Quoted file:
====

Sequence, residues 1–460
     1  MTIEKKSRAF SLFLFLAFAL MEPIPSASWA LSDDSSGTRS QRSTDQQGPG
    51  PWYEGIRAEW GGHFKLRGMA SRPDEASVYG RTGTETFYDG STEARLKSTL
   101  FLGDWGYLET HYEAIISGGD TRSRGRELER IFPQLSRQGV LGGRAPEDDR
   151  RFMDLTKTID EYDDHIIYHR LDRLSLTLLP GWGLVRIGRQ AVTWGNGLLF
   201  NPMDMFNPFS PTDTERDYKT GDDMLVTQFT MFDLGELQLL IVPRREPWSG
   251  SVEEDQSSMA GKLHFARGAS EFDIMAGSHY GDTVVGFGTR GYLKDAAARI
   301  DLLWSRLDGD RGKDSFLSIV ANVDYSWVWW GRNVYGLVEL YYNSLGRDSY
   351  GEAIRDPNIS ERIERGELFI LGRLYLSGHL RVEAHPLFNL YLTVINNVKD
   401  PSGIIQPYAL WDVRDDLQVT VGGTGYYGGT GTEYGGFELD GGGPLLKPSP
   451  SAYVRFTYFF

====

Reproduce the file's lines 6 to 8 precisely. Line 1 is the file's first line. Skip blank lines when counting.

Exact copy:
   201  NPMDMFNPFS PTDTERDYKT GDDMLVTQFT MFDLGELQLL IVPRREPWSG
   251  SVEEDQSSMA GKLHFARGAS EFDIMAGSHY GDTVVGFGTR GYLKDAAARI
   301  DLLWSRLDGD RGKDSFLSIV ANVDYSWVWW GRNVYGLVEL YYNSLGRDSY